Notice the special entries named . and ... Every directory has those entries. The . is a link to the current directory, and .. is a link to the parent directory (the directory that contains this directory). So, for instance, if you type cd .., Linux opens the directory at i-number 264.
"So," you might ask, "if the root directory has i-number 264, what's that entry named root?" The answer is that the directory named root, here with i-number 4261, is the home directory for the user named root, the superuser. Its absolute pathname is /home/root -- very different than the root directory, with absolute pathname /.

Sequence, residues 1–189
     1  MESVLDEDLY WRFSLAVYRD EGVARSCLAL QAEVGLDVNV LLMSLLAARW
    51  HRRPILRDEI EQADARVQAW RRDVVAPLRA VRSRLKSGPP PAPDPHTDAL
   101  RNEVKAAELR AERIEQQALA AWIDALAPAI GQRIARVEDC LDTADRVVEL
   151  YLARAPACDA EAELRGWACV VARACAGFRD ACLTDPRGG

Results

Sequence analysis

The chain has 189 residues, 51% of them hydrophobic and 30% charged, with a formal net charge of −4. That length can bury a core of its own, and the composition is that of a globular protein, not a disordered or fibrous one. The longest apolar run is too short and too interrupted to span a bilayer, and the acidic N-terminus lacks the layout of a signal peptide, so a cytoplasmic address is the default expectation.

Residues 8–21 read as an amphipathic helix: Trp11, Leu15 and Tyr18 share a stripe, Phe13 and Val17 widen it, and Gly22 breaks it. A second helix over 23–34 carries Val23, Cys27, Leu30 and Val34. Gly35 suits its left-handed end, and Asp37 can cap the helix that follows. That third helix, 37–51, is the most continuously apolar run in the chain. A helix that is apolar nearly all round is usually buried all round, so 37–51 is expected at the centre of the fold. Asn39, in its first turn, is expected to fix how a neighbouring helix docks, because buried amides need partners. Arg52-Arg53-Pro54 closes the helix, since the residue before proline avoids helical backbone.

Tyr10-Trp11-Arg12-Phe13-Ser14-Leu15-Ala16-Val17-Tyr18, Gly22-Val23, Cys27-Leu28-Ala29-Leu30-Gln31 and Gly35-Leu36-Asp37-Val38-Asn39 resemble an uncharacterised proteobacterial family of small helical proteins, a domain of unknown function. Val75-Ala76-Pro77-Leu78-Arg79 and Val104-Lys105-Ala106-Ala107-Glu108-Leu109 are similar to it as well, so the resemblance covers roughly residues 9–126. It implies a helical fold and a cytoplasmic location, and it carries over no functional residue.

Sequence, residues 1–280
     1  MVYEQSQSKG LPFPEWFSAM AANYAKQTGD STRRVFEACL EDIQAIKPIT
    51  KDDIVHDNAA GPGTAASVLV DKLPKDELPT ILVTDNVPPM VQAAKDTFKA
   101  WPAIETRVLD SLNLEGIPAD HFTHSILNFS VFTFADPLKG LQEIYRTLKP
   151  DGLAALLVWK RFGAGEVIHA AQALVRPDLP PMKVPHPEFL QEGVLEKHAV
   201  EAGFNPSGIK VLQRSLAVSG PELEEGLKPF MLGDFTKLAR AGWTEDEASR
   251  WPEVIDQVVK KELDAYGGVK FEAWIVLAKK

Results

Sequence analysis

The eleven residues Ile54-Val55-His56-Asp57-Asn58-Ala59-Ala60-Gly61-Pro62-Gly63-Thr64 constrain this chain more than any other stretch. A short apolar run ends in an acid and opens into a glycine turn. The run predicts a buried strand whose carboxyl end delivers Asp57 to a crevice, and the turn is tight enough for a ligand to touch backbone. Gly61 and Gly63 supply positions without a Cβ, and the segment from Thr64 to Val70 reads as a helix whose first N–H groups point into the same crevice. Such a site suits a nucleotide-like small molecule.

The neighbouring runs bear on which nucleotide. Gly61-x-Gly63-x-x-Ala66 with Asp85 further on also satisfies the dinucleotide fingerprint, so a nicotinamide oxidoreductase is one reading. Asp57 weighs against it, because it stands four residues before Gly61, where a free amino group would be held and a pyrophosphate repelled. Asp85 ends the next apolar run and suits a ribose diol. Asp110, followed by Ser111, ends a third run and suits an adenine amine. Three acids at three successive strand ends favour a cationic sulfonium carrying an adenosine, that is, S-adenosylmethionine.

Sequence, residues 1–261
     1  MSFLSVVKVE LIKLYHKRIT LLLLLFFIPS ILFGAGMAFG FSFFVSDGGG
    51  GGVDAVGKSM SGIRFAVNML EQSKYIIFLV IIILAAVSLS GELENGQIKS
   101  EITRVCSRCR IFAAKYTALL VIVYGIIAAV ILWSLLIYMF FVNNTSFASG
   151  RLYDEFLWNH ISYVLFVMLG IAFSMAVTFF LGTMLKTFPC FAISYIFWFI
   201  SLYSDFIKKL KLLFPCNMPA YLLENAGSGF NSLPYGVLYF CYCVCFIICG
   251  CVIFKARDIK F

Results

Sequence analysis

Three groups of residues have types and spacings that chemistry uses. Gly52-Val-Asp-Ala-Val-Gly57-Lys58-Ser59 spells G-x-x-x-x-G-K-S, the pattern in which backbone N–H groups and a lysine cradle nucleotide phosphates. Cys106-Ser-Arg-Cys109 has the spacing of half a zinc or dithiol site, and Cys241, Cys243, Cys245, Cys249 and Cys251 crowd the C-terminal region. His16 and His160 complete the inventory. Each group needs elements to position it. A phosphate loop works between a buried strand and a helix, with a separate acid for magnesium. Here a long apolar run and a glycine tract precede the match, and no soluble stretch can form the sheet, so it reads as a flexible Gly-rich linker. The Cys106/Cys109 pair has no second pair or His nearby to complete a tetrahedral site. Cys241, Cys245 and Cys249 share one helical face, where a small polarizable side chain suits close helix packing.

Note that our current directory is named home, but you can't tell that from looking at the directory entries. Where is its name? A directory's name is kept in its parent directory! But all directories have a link named ., which is a handy way to refer to the current directory -- from the find program, for instance.